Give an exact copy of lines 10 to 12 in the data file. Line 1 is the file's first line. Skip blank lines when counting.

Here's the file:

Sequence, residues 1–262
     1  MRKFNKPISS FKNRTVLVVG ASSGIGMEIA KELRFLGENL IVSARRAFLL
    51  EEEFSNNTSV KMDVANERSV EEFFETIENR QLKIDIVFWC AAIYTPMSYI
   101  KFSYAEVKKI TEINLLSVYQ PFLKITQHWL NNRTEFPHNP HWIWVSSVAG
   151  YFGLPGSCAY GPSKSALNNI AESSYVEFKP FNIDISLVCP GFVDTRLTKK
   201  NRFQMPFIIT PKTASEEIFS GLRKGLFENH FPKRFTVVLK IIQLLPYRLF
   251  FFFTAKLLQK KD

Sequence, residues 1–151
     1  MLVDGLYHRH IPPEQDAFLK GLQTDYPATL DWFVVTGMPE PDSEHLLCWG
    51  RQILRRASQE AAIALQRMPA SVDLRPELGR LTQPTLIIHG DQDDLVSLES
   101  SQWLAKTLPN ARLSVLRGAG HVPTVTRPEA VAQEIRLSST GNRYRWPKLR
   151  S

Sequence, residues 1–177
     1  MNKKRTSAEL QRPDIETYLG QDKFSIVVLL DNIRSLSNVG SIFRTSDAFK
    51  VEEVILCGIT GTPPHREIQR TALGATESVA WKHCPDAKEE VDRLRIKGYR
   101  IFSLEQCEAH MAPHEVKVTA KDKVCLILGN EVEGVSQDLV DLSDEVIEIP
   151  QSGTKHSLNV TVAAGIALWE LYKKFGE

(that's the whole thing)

    51  RQILRRASQE AAIALQRMPA SVDLRPELGR LTQPTLIIHG DQDDLVSLES
   101  SQWLAKTLPN ARLSVLRGAG HVPTVTRPEA VAQEIRLSST GNRYRWPKLR
   151  S